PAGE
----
Fans share memories of Oracle Arena as last Warriors game in Oakland looms
OAKLAND - It’s not the building. It’s the relationships forged within.
The friendships, the family, and yes, a little hero worship.
As the Golden State Warriors’ final few hours at Oracle Arena drift off into San Leandro Bay, fans, workers, players and coaches of the Bay Area’s only professional basketball team are reminiscing about their home court for the past half-century.
Next season, the Warriors will play across San Francisco Bay at the shiny new metal-and-glass Chase Center in San Francisco’s Mission Bay district. A plaza of restaurants and other businesses called “Thrive City,” a gesture to Warriors’ partner in the project Kaiser Permanente, will open before the team’s first game at the center on Oct. 5.
“A lot of my favorite memories come from being a player here and marveling at the energy in this building, coming from a crowd that did not have a whole lot to cheer for, frankly,” coach Steve Kerr said Wednesday before the NBA Finals Game 3 loss to the Toronto Raptors.
“The Warriors went through a long dry spell, and yet you would come here and there was an atmosphere, an energy you could feel.”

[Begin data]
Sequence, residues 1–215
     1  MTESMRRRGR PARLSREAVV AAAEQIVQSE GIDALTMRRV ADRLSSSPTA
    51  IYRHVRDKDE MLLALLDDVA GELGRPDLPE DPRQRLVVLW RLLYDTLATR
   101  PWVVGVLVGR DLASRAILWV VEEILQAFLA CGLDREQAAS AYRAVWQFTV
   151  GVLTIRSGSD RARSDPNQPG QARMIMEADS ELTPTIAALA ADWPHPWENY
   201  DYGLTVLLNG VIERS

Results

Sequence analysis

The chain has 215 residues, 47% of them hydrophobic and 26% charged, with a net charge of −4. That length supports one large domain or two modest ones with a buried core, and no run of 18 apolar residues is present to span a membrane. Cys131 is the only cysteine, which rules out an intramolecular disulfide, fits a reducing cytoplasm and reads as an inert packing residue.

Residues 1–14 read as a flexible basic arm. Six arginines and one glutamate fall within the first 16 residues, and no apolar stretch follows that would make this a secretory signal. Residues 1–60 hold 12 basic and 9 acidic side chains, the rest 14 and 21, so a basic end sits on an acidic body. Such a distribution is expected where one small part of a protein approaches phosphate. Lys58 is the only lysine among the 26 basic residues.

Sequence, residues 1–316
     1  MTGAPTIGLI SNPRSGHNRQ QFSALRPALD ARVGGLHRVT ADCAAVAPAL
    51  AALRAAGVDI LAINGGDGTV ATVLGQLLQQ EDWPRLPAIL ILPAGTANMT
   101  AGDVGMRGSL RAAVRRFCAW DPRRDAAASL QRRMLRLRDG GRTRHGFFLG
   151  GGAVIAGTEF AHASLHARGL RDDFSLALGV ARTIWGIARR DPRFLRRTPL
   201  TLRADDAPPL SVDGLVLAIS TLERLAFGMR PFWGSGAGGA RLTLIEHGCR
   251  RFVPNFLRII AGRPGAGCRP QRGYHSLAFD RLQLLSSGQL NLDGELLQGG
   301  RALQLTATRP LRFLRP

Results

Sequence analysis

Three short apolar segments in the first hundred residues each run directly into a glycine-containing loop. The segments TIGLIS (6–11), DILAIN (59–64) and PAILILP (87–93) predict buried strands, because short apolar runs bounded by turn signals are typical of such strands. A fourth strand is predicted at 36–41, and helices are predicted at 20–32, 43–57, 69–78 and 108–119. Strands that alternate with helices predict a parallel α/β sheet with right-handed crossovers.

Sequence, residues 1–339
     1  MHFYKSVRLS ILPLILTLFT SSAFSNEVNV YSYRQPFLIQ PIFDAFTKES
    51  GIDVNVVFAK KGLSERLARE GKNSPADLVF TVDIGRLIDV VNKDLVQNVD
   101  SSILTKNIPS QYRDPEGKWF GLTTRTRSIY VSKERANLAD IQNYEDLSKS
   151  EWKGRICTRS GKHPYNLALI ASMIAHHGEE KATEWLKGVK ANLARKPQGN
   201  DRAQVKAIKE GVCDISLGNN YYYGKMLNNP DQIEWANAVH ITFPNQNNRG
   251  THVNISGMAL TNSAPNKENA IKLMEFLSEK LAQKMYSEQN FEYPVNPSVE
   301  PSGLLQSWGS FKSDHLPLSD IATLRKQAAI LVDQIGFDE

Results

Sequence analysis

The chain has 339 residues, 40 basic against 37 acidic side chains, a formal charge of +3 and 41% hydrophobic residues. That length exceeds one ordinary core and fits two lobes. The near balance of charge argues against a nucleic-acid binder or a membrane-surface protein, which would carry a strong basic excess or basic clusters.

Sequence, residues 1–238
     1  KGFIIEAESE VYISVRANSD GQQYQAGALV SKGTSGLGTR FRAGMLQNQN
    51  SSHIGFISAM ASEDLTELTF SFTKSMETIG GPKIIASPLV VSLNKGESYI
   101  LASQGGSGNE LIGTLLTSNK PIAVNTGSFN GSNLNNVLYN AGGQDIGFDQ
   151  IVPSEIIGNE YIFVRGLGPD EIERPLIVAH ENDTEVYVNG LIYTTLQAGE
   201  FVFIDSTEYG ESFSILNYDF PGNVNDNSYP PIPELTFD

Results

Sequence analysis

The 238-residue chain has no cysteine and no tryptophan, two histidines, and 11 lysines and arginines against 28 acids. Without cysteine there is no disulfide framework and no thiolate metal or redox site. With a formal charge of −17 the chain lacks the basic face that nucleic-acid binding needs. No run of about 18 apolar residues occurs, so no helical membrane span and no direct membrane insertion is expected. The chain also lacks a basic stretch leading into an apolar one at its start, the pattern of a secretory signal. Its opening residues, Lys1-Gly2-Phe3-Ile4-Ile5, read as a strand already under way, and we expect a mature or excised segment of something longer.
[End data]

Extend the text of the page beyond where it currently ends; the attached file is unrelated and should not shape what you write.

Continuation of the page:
He said one of the other places he felt the same energy in was in Toronto.
“They weren’t that great, but, man, the fans loved basketball,” he said. “So it’s something that jumps out to me about this Finals. You’re dealing with two areas, cities, general areas, that are just basketball crazy, and you can feel it inside and out of the building, around town. And so it’s been just an incredible experience to play and coach at Oracle, and hopefully we can go out in style and win our last games here.”
Down 2-1, the Warriors need to win Game 4 Friday to guarantee it’s not the last game in Oracle Arena history.
If they win, Game 6 on Thursday will be the last roar at Oracle.
For 30 years, a half-dozen Sonoma County attorneys have shared a four-seat block of Warriors season tickets at Oracle. They’ve gone to hundreds of games and witnessed basketball legends — Rick Barry, Magic Johnson, Larry Bird, Michael Jordan, Kobe Bryant, Shaquille O’Neal, LeBron James, Stephen Curry and more.
The best part for all these years, said Walter Rubenstein, wasn’t necessarily the important games won or the even the postseason victories.
“I was able to go with my two daughters and her friends,” he said, “and it was a great way to bond. I don’t remember all the scores, but I remember who I was with.”
Other buddies in the group, including original ticketholder Jonathan Steele and Chris Andrian, tell epic tales of trips to the East Bay where everything went wrong, but still, they made great memories with friends.
Andrian, a native San Franciscan, began following the team when they were the San Francisco Warriors and played most of their games in the Cow Palace. They moved to the Oracle building in 1972.
“Even though I was pissed they were going there,” he said, “I’ve become an Oracle guy. And now it’s going to be hard to leave.”
The playoffs in the 2007 “We Believe” win over the Dallas Mavericks stand out in Andrian’s memory. “I don’t know if I’ve ever been in any place that was as electric as that,” he said.